June 18, 2006
June 18, 2006
June 21, 2006
Design in Engineering Education
11.1116.1 - 11.1116.14
Senior Design Projects in Mechanical Engineering -- A Case Study of Capstone Experience with Strong Industrial Participation
The Department of Mechanical Engineering at the FAMU-FSU College of Engineering adopted an integrated curriculum in the late 90s. The curriculum features a capstone one-year senior design course in which students work in teams tackling engineering problems provided and sponsored by industrial partners. This paper describes the evolution of the capstone course over the last seven years, and the reasons behind many of these changes. As the course matured, the department has been able to attract more and more industrial sponsors; today almost all the senior projects are sponsored by industry. This high level of industrial participation as well as many years of improving course management and delivery allow us to draw some important conclusions on what constitute “best practices” for capstone design courses.
The Department of Mechanical Engineering at the FAMU-FSU College of Engineering adopted an integrated curriculum in the late 90s. Major themes within the discipline are grouped in two- semester sequences with a corresponding laboratory (e.g., thermal-fluids, mechanics and materials, etc.). The teaching of design has been integrated to the curriculum by devoting a certain fraction of the coursework or labs to open-ended design problems. Likewise, formal introduction to the engineering design method is made at the sophomore level in two courses: Introduction to Mechanical Engineering, and Mechanical Engineering Tools. These courses introduce the design cycle, and expose students to design concepts by using problems within reach at the sophomore level (e.g., statics, simple material selections, etc.). The tools course introduces the students to the machine shop and to the software packages they need to master in order to successfully operate in an engineering environment (spreadsheets, CAD, etc.). Design components are then threaded through the curriculum, with each course devoting a certain fraction of homework (and corresponding credit) to design-oriented problem. Many of the labs also feature activities in which the students work in teams to design systems relevant to the course subject matter. The curriculum is capped with a one-year senior design project in which the students work in teams to design and implement products or systems under the sponsorship of an industrial partner. In its seventh year this capstone course has undergone changes as a result of the lessons-learned. This paper chronicles that evolution (and the reasons behind it), and describes in detail the format and mechanisms used at the present time. A summary of our observations is given at the end to support what we believe are “best practices” in the conduct of team-based capstone design courses.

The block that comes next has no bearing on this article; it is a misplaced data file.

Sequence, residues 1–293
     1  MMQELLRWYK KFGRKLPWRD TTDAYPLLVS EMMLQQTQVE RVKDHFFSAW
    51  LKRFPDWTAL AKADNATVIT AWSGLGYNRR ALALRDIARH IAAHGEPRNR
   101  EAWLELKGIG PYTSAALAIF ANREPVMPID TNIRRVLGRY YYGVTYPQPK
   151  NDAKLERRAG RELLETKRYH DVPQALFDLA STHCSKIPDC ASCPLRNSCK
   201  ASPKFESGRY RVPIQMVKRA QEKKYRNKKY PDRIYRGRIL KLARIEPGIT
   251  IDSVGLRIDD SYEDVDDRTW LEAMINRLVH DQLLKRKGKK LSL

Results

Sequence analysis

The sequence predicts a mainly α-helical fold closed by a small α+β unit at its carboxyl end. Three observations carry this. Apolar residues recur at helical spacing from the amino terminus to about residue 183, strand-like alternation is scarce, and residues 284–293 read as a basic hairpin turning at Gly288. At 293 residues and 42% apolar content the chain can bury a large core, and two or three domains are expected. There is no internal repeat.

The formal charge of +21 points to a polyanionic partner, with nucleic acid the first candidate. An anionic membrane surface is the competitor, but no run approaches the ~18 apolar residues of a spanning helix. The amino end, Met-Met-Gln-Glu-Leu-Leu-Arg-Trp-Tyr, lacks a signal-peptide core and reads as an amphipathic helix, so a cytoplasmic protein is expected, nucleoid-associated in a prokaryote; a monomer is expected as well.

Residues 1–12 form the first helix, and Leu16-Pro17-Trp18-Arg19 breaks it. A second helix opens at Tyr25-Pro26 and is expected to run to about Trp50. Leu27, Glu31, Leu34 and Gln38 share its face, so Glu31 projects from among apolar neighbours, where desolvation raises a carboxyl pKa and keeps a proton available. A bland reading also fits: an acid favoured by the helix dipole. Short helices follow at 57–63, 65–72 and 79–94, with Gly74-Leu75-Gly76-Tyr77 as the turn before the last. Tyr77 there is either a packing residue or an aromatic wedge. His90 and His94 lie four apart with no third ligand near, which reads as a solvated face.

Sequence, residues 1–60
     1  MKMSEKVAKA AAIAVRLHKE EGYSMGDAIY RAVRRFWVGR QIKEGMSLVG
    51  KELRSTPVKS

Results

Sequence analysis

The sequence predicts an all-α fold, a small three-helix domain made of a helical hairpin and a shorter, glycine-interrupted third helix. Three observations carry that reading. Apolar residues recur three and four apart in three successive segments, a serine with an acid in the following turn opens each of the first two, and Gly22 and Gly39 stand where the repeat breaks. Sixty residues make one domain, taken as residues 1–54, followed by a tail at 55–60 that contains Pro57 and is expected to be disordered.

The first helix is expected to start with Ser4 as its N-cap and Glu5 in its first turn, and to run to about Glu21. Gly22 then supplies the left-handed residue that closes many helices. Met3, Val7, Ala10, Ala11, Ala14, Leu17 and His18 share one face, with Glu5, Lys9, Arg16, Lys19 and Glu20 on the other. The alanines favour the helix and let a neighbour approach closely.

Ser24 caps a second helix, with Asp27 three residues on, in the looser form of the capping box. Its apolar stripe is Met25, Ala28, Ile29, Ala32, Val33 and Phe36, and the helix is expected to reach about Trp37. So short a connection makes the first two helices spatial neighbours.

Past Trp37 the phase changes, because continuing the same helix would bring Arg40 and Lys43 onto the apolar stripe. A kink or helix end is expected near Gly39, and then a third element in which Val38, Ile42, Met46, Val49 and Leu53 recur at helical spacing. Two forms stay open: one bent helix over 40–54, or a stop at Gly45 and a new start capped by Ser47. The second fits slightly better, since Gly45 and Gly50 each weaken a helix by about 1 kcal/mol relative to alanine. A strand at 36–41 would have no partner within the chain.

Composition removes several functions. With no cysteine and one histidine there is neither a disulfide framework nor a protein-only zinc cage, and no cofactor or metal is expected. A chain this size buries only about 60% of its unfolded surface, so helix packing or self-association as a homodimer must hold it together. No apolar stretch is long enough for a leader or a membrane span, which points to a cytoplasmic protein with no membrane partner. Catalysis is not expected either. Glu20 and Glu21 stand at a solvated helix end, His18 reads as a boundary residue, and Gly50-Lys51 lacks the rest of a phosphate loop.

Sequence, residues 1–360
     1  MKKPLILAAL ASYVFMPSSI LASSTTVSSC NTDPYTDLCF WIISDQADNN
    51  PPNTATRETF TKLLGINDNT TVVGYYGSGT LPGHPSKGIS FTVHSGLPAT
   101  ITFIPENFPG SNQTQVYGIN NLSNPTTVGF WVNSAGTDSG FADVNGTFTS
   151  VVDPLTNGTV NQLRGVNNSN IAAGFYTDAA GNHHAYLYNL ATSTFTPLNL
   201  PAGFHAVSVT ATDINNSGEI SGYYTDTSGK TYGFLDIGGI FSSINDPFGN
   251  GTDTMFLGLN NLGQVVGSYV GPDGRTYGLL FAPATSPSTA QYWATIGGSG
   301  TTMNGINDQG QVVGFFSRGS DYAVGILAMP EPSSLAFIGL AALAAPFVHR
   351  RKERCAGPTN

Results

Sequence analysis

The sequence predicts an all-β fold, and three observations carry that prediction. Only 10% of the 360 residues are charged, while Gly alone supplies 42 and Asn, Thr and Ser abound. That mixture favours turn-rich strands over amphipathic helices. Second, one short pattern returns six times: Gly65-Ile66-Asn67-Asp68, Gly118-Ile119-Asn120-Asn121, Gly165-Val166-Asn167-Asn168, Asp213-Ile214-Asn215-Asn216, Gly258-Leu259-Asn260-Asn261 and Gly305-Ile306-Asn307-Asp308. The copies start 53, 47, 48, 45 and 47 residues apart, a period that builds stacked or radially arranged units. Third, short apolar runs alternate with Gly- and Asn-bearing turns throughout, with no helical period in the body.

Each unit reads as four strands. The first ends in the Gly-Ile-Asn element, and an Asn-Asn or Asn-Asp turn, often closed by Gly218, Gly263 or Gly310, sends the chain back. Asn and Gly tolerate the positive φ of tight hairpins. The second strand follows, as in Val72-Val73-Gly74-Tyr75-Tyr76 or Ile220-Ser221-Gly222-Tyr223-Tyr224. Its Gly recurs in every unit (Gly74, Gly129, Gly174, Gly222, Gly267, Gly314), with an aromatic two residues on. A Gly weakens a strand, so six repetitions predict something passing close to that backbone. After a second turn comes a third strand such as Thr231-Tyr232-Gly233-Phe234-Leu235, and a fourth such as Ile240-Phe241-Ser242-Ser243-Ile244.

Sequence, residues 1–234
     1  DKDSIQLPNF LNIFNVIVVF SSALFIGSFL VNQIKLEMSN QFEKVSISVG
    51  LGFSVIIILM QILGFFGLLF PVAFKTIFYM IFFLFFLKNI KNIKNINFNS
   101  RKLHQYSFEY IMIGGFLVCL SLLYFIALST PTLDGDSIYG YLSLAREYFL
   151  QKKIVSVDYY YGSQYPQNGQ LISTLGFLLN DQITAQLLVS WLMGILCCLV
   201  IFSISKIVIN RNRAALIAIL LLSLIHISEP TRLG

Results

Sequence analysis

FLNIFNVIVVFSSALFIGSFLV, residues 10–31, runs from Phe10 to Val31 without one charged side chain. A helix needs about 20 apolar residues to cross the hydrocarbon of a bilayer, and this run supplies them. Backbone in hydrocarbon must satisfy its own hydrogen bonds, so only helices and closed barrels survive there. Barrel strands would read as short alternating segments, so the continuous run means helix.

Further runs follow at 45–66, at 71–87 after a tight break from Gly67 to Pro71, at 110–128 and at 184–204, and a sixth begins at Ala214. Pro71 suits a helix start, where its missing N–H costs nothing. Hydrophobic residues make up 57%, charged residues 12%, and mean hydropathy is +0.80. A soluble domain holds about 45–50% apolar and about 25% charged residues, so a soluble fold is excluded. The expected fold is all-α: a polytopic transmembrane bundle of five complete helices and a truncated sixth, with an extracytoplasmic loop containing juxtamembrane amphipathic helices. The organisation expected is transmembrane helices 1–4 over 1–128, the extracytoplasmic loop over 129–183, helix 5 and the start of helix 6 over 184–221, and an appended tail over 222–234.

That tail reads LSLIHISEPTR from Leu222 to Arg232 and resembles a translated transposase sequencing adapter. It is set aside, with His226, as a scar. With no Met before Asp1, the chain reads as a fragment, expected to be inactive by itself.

Evolution of the Capstone Design Experience Course
It has been recognized that capstone design courses represent an excellent vehicle to round out a good engineering education and they provide the appropriate platform for students to apply design thinking and transition into a professional career1 . Many universities have adopted this model for their engineering curricula2,3,4 .At our department this course was first introduced as a
Luongo, C., & Shih, C. (2006, June), Senior Design Projects In Mechanical Engineering – A Case Study Of Capstone Experience With Strong Industrial Participation Paper presented at 2006 Annual Conference & Exposition, Chicago, Illinois. 10.18260/1-2--408
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